Last edited by stein; 11th July 2020 at 14:47..
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  #10  
Old 11th July 2020, 19:45
harry t. harry t. is offline
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further to Stephens earlier mention of plans re; The Endeavour,

I came across this extract from a thesis submitted by a young lady, Doctor of Philosophy, The University of Melbourne, a few short years ago.

Re; space required for artists and scientists on board the Endeavour

“Some of the resources available to them were permanent, such as skills and equipment, and others more transient, such as fine weather and daylight, but all of these were governed by the space made available to them by the crew. They needed access to surface space, adequate light and a place where they could work uninterrupted for extended periods. At other times they must have had to give way to the officers for whom the great cabin was also an essential workspace. While the artists might have been able to make their initial sketches of specimens in the hurried way he describes, the surface space, elbow room, light and time the watercolours demanded, required more of the ship’s resources.”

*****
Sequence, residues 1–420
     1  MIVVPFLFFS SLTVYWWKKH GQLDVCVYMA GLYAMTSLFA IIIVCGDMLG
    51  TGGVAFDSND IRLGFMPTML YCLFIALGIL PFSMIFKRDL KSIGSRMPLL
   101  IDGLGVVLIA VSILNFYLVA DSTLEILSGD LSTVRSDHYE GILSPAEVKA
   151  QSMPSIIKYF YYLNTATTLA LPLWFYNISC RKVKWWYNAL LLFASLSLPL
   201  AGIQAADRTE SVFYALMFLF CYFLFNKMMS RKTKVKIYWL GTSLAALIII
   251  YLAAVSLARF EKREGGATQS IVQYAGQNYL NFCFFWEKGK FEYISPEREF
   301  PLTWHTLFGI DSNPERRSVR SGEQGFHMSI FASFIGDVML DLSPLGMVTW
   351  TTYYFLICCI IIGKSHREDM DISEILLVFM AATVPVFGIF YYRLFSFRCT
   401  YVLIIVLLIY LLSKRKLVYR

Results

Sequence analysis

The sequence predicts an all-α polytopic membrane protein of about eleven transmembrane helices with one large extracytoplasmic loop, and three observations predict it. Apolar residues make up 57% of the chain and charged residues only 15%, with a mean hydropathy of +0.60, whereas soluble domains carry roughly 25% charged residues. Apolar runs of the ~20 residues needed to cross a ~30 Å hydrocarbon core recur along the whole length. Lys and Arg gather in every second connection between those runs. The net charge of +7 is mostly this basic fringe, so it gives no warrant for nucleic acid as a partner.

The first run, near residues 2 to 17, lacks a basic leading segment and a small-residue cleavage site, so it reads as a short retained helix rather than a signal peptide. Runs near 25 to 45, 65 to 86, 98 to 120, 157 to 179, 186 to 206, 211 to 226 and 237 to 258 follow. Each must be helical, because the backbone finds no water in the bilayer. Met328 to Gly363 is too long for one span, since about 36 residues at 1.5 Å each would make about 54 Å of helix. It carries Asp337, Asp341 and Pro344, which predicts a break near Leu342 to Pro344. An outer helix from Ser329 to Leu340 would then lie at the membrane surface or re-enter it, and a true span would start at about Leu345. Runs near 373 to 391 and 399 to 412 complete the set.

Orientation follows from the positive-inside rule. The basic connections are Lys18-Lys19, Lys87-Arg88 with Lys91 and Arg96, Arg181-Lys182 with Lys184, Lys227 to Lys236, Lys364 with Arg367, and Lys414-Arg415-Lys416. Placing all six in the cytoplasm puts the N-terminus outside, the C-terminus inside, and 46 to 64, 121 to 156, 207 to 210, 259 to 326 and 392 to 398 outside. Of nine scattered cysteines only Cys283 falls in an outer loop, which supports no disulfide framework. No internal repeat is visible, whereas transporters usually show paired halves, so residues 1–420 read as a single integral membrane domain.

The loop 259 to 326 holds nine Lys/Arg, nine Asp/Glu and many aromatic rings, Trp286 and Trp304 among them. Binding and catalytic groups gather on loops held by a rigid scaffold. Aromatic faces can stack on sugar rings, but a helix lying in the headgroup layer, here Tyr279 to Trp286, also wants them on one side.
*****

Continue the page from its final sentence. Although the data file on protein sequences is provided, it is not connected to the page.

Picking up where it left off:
“The small stature of ship’s boys was class related. An upper-class fourteen-year old at the Royal Military Academy at Sandhurst at the same time was on average seven or eight inches taller”

“Those crew members recruited by the Marine Society for that voyage
Mean/median height of ships’ boys 1756-1762.”
Age: 12 13 14 15 16 17 18 19
Height: 4’ 3” 4’4” 4’6” 4’ 7” 4’ 9” 4’10” 4’11” 5’
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  #11  
Old 12th July 2020, 03:26
Chillytoes Chillytoes is online now  
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Stephen,